Boston Marathon bombing: 6 key facts in the case
Boston Marathon bomb scene pictures taken by investigators show the remains of an explosive device. REUTERS Photo: Image by Reuters
Web Producer: Sara Wright
BOSTON, MA (KGUN9-TV/AP) Two explosions near the finish line of the Boston Marathon on Monday killed three people and injured dozens more. Here is a look at the latest information in the case:
Two bombs exploded about 10 seconds and 100 yards apart at about 2:50 p.m. Monday in Boston's Copley Square, near the finish line of the Boston Marathon. An 8-year-old boy, a 29-year-old woman and a Boston University graduate student from China were killed, and more than 180 were wounded. The explosions occurred four hours into the race and two hours after the winners had crossed the finish line, but thousands of runners were still on the course.
The bombs consisted of explosives put in common 1.6-gallon pressure cookers, one containing shards of metal and ball bearings, the other packed with nails, according to a person close to the investigation who spoke on condition of anonymity because the investigation was still going on. Both bombs were stuffed into duffel bags, the person said. Wednesday morning, investigators found the lid to a pressure cooker on the roof of a building near the bomb site.
Investigators found pieces of black nylon from a bag or backpack and fragments of BBs and nails, possibly contained in a pressure cooker, an FBI agent says. An intelligence bulletin issued to law enforcement and obtained by the AP includes a picture of a mangled pressure cooker and a torn black bag that the FBI says were part of one of the bombs. Other photos show charred wires connected to a circut board, which experts say could indicate the bomb was on a time. Another photo shows a better, also connected to wire and a plastic blasting cap.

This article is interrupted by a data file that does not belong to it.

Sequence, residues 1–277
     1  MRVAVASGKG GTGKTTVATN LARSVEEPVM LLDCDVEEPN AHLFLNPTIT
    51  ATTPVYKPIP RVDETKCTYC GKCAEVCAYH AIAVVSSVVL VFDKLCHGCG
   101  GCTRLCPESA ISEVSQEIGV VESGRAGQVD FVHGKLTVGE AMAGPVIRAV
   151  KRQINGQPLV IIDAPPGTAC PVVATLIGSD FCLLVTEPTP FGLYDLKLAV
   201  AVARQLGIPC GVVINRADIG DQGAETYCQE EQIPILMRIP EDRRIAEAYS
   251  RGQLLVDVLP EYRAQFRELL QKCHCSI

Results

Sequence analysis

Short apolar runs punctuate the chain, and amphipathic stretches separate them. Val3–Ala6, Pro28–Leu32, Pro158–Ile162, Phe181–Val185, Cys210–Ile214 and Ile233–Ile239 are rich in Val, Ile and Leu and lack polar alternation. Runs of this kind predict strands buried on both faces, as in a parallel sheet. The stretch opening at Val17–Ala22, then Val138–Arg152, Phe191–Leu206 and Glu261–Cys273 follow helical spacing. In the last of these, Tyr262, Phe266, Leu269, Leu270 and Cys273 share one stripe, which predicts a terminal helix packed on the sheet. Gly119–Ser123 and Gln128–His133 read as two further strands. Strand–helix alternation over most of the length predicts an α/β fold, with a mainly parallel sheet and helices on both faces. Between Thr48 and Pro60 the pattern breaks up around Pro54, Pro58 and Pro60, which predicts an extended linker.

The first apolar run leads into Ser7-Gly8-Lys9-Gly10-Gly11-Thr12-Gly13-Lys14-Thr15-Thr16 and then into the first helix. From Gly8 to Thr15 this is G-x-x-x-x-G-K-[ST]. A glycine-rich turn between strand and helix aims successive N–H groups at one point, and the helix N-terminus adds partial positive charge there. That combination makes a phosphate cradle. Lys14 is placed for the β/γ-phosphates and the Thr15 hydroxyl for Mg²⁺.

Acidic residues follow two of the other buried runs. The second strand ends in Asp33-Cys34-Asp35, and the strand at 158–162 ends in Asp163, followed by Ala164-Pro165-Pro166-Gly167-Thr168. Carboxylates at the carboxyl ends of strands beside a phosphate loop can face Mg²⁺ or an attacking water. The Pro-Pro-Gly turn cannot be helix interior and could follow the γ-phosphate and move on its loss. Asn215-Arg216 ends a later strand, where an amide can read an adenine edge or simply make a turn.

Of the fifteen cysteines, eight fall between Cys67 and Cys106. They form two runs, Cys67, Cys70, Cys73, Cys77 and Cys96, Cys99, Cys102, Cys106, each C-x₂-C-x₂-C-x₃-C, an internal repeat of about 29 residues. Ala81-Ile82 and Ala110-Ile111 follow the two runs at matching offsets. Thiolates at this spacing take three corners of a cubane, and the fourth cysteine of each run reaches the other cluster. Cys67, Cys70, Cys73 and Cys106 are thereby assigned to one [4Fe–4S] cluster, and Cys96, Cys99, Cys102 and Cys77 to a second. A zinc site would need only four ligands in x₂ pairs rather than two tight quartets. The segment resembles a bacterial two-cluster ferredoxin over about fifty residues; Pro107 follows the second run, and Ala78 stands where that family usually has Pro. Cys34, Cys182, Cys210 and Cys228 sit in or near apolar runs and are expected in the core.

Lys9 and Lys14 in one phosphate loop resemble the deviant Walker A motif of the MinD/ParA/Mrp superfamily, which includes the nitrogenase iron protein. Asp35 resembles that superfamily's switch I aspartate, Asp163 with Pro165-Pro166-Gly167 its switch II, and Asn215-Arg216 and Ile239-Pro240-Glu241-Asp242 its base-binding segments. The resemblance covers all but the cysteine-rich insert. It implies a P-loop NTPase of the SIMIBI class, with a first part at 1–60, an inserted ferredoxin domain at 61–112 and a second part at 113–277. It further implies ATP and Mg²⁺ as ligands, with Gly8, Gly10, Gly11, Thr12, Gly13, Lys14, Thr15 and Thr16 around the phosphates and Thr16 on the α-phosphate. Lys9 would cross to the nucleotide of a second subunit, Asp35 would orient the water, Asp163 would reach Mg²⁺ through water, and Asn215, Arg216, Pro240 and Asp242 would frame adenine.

The 8-year-old boy killed in the bombings, Martin Richard, was remembered by friends and neighbors as a vivacious boy who loved to run, climb and play sports. Also killed was Krystle Campbell, a 29-year-old restaurant manager from Medford, Mass., whose father, William Campbell, said she had gone with a friend to watch the race.
Boston University said a graduate student was killed. A Hong Kong-based broadcaster said it was a woman from China studying statistics. Her name was not released, per her family's request.
As of Wednesday morning, doctors say 100 of the 183 people are out of the hospital.
President Barack Obama called the bombings an act of terrorism but said investigators do not know whether they were carried out by an international organization, a domestic group or a "malevolent individual." He said, "The American people refuse to be terrorized."
Speaking Wednesday morning, former Secretary of State Condoleezza Rice says terrorist attacks like this one present presidents with a leadership dilemma. While presidents typically wants to comfort the nation, Rice says, it can be difficult for them to do this while saying or doing nothing that would compromise a crime investigation.
The area around Copley Square was still closed Wednesday, and security was tight around Boston, with bomb-sniffing dogs checking Amtrak passengers' luggage at South Station and transit police patrolling with rifles. The Federal Aviation Administration barred low-flying aircraft within 3.5 miles of the site. Other cities also beefed up security in response to the bombing and the Secret Service expanded its security perimeter around the White House.
Authorities continued to investigate, and DesLauriers said the range of suspects and motives was "wide open." People were asked to come forward with video or photos from the marathon or anything suspicious they might have witnessed, such as hearing someone express an interest in explosives or a desire to attack the marathon, or seeing someone carrying a dark heavy bag at the race.